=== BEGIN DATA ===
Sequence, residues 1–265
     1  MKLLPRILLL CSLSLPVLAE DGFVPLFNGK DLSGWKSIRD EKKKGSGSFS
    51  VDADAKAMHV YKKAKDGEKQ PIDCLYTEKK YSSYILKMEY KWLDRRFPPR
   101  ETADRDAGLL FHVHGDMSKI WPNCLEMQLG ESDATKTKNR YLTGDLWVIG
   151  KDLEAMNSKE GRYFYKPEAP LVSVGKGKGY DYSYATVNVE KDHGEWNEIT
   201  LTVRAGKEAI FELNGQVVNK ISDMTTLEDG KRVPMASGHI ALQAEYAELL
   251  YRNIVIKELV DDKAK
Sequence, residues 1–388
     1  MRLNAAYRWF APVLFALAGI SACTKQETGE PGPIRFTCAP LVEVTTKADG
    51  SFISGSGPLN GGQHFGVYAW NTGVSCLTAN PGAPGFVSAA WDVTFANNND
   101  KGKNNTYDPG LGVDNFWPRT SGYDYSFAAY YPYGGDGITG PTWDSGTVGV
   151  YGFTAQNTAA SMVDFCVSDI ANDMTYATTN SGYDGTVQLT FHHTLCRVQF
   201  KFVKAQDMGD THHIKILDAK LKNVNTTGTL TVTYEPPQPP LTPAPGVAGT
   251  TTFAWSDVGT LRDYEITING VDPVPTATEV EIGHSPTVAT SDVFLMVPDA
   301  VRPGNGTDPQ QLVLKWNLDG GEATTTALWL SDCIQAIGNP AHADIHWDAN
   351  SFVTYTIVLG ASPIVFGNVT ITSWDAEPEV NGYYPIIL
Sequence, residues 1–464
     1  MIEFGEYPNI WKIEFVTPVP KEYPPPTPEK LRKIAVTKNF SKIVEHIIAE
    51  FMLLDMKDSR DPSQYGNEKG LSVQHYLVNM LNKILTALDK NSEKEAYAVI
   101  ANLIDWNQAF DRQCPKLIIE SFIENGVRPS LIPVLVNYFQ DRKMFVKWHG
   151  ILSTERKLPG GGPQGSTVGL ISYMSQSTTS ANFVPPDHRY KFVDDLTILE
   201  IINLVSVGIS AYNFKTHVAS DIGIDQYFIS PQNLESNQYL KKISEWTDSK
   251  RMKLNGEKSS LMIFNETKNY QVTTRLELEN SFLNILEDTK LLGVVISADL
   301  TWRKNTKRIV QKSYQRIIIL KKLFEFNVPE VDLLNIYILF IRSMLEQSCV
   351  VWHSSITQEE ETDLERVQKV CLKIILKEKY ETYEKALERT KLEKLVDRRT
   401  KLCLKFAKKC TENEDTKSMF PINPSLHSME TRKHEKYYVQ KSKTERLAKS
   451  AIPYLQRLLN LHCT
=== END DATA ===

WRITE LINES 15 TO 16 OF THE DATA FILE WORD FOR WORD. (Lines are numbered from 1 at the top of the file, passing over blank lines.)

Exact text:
   301  VRPGNGTDPQ QLVLKWNLDG GEATTTALWL SDCIQAIGNP AHADIHWDAN
   351  SFVTYTIVLG ASPIVFGNVT ITSWDAEPEV NGYYPIIL